Raise your hands if you’re familiar with the magical duo of Penn and Teller?
|Prospero conjures a tempest while Ariel watches.
Now keep them up if you knew that Mr. Teller, the “quiet one” of the group, is an accomplished Shakespearean director?
A few years ago he did Macbeth, and now he’s got a production of The Tempest touring the country. I’ve seen both, and trust me – when a professional stage magician does Shakespeare, you’re gonna see some stuff. I don’t think I’ll ever forget the image of Ariel drowning Ferdinand center stage, while his father watched. Granted a bit off book, but an amazing start to the show.
The other day I decided to Tweet to Mr. Teller asking if his Tempest would be made available on DVD (I have a copy of his Macbeth). He wrote back that he’d love to, but union rules make filming stage productions difficult and expensive.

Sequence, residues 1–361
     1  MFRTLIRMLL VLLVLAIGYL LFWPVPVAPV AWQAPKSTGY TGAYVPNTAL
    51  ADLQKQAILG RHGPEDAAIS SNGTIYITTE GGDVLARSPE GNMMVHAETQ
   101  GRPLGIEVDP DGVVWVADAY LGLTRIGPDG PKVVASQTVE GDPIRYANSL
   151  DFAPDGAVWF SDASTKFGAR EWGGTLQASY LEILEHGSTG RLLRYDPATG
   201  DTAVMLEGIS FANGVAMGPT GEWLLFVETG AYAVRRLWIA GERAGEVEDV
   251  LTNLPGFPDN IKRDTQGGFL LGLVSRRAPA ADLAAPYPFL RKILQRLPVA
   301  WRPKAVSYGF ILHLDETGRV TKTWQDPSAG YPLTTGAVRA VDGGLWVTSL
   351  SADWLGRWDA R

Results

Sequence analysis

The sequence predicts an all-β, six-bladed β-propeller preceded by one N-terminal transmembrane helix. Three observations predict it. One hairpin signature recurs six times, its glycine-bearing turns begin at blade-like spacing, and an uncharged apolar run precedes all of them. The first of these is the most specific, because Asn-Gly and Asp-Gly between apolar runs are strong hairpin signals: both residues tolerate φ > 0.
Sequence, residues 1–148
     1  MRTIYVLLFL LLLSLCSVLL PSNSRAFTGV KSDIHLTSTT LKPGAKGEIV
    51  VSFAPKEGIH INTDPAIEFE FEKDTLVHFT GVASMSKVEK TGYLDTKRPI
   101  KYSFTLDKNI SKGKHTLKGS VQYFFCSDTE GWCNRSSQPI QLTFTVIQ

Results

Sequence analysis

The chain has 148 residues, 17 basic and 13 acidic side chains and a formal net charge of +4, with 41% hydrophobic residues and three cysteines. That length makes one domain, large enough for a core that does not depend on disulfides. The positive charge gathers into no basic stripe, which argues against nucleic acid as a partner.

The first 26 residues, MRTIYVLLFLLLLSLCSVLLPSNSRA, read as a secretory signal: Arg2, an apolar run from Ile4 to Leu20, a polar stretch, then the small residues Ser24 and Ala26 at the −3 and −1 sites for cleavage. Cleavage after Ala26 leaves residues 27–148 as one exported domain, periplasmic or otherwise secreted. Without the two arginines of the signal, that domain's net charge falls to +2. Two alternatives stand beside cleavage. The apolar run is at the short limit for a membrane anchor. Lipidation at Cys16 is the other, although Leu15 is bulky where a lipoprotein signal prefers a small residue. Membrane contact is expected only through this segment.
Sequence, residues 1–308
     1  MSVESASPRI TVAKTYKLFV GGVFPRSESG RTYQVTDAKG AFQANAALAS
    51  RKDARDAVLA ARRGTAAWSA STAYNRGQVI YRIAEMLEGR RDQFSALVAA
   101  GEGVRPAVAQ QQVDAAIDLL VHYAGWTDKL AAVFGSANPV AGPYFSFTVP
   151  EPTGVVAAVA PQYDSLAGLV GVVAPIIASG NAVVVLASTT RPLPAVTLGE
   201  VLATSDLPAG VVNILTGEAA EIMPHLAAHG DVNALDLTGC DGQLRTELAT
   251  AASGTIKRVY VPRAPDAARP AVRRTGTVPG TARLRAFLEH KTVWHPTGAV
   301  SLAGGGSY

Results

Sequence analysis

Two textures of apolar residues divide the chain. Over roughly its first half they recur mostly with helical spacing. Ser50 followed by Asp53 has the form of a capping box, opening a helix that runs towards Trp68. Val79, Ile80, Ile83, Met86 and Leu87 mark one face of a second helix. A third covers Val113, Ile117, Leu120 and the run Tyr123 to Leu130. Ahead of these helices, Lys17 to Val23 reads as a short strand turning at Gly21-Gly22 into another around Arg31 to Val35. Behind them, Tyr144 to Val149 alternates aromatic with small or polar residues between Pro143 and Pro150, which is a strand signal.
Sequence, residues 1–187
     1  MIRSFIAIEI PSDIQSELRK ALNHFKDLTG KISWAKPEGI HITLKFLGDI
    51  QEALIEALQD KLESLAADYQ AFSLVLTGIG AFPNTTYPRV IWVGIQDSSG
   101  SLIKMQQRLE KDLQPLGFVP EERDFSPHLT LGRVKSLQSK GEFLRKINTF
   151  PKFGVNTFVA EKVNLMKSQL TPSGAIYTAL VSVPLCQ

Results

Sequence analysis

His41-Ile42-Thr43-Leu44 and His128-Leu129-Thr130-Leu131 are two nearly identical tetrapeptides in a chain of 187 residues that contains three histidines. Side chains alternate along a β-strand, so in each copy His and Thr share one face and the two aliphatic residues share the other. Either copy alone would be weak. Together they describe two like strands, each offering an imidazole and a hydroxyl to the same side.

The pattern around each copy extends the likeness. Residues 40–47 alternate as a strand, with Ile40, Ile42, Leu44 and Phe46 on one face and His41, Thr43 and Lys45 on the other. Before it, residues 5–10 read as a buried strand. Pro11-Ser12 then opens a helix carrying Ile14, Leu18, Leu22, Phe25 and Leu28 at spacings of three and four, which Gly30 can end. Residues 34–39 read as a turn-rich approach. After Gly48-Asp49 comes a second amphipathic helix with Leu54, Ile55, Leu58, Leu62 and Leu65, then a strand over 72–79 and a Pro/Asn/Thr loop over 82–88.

That stinks. But! It started a conversation about what play he should do next? The obvious choice would be Midsummer Night’s Dream if you’re going for the “plenty of magical stuff to play with” angle. But if you’ve ever seen Penn and Teller’s work, they do prefer to go dark. As in, open The Tempest by actually drowning Ferdinand even when you don’t have to. There’s not a lot of blood in Tempest (none, really), but that’s why he did Macbeth first :). So a Dream from Teller would be more like a nightmare. A crazy awesome nightmare.
I suggested Richard III, which seemed to have a good combination of ghosts and gore. Hamlet and Julius Caesar would be two other pretty logical choices as well.
What other plays might lend themselves well to the magical treatment? Obviously we’re picking all the easy ones where Shakespeare added a magical element, but that doesn’t have to be the case. What about a magical King Lear? I’m thinking specifically about him hallucinating at the end, but as I type that I realize it’s a bit too Jean Valjean from Les Mis.